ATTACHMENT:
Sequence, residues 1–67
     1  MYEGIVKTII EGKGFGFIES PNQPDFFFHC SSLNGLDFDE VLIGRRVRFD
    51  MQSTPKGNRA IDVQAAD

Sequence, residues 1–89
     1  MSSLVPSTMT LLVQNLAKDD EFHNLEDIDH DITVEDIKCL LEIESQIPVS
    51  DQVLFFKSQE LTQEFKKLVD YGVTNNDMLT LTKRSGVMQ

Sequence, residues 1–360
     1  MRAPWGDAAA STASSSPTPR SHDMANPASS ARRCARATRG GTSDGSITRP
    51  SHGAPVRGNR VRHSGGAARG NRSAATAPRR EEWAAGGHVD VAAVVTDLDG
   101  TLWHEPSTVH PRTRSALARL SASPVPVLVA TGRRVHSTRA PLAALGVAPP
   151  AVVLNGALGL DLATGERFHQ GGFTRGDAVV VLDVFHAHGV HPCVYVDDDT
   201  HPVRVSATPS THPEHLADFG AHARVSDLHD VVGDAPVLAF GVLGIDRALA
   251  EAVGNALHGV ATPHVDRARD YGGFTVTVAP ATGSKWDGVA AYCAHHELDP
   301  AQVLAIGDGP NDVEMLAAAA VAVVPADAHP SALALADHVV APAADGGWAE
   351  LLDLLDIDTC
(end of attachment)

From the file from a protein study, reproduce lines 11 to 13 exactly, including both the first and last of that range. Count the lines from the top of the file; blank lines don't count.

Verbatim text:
   151  AVVLNGALGL DLATGERFHQ GGFTRGDAVV VLDVFHAHGV HPCVYVDDDT
   201  HPVRVSATPS THPEHLADFG AHARVSDLHD VVGDAPVLAF GVLGIDRALA
   251  EAVGNALHGV ATPHVDRARD YGGFTVTVAP ATGSKWDGVA AYCAHHELDP